New FTC Regulations Cause a Lot of Head Scratching
The FTC has targeted native ads with their latest regulations. What does this mean for your business?
As more companies fight the ongoing challenge of ad-blocking software, native ads offer the promise of greater visibility. But with greater visibility comes greater responsibility.
Here’s the short version: The user should be able to recognize your content as an ad before clicking.
“Wait,” you say, “isn’t that the whole point of native advertising? To create ads that fit right in with the user experience?”
Why It’s Not Quite That Simple for the FTC
The FTC is really trying to guard against what it terms “deceptive ads.” However, even in that blanket term is a great variety of options for the marketer because ads are not compared to a single set of guidelines, but are taken in context. That’s why things get muddled when we talk about placing sponsored ads in a native environment. What would normally be an obvious ad, now suddenly becomes part of a news feed.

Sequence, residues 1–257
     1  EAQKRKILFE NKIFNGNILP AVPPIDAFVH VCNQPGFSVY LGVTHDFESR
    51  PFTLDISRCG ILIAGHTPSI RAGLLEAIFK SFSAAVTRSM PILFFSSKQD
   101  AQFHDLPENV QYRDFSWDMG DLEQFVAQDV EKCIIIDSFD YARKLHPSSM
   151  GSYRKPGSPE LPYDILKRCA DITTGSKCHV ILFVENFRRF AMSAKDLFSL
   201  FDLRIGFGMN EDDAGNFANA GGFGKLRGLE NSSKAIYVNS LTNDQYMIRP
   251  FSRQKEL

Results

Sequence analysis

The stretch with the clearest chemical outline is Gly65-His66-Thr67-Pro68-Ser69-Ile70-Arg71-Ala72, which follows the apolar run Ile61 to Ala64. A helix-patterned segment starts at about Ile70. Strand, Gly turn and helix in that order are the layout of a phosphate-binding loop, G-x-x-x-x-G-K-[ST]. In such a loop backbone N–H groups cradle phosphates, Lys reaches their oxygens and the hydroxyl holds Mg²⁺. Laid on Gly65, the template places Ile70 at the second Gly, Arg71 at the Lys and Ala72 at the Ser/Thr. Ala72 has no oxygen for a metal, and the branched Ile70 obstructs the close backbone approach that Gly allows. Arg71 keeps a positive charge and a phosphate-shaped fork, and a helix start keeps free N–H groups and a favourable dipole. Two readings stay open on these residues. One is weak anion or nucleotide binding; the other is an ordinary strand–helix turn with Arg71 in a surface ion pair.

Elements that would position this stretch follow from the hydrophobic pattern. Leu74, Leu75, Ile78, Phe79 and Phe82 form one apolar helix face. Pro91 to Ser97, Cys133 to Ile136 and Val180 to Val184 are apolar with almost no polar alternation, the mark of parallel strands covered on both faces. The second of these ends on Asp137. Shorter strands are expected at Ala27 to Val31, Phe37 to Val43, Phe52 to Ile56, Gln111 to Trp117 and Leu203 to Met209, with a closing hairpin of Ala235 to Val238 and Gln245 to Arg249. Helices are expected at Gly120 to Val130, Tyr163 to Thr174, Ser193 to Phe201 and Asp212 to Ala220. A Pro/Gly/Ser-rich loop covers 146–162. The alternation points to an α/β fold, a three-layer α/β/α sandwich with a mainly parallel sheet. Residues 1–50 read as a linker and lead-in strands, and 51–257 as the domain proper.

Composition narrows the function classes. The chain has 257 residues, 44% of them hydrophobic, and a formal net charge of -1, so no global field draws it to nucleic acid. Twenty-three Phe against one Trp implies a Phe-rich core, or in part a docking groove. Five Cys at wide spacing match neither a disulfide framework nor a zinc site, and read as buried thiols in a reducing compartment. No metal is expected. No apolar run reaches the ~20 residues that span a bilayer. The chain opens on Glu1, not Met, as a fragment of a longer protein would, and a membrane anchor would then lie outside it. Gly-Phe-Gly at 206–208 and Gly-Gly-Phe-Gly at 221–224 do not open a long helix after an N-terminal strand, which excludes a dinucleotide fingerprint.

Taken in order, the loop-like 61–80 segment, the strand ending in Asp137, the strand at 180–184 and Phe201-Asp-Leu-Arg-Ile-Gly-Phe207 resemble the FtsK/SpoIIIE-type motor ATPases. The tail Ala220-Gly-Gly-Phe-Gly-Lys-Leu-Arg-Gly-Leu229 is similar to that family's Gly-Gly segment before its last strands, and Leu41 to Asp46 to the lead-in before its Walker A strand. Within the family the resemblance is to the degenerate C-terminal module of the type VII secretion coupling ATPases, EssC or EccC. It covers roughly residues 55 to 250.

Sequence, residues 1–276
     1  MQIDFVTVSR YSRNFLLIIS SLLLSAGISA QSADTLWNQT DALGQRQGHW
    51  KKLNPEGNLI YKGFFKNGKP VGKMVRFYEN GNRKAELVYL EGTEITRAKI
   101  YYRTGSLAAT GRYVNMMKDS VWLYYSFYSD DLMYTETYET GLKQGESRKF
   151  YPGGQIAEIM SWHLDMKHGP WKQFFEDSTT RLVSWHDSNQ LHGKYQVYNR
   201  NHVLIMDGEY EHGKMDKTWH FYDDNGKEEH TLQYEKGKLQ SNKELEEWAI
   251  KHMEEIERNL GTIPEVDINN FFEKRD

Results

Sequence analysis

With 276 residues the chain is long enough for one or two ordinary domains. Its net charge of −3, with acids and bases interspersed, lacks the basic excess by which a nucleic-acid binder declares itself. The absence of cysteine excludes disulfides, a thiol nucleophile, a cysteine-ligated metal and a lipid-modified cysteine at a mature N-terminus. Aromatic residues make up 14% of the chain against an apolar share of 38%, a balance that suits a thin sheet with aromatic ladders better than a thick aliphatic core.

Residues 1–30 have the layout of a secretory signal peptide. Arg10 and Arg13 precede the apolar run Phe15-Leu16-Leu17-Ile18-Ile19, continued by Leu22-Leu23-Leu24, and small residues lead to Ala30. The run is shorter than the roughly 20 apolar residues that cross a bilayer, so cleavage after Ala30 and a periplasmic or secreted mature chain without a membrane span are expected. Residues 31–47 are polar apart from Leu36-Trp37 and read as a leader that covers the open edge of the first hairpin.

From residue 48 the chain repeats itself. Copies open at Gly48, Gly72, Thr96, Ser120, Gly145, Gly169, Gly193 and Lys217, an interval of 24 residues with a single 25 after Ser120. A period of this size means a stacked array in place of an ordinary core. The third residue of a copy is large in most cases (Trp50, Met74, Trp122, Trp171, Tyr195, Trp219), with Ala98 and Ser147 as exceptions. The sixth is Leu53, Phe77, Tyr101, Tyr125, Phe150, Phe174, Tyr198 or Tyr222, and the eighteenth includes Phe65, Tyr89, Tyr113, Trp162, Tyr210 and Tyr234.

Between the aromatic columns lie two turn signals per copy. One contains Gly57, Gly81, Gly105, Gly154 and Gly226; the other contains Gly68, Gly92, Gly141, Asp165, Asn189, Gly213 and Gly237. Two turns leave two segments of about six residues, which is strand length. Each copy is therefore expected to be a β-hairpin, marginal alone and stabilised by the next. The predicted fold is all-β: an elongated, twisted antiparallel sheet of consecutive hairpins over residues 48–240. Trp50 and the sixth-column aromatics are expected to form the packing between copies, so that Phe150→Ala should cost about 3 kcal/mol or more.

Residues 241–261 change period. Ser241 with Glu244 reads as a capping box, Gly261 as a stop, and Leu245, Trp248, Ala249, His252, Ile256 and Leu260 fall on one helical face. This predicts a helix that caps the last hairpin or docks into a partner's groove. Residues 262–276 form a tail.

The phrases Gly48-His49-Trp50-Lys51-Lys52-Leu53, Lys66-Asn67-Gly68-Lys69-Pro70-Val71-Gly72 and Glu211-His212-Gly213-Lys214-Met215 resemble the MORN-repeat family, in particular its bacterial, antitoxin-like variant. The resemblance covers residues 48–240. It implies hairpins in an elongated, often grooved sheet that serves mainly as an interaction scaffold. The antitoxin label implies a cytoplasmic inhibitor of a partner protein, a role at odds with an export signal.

But is it an attempt to be deceptive or just good marketing not to pull consumers out of their little digital world?
It comes down to the details. Will the ad have to be a different size to stand out? Does it have to be labeled as sponsored content? Is placement of the ad the issue (this would be the biggest concern)?
In some ways, the issue is how much credit are we willing to give to consumers. At the same time, the FTC’s answer seems to be “not much.” That’s why our PPC ads on Google appear first or off to the side with that little yellow box that says “Ad.”
In the meantime, it means some trial and error for advertisers because, in the end, we’re the ones the FTC will hold primarily accountable. Unfortunately, the FTC guidelines also point out that everyone who even has a share in creating the ads will be considered culpable to some degree.
This leaves us with an even bigger question. Is it better to keep getting our ads blocked or to take our chances with the mysterious new FTC guidelines? As with so many things in the marketing world, it seems that only time will tell.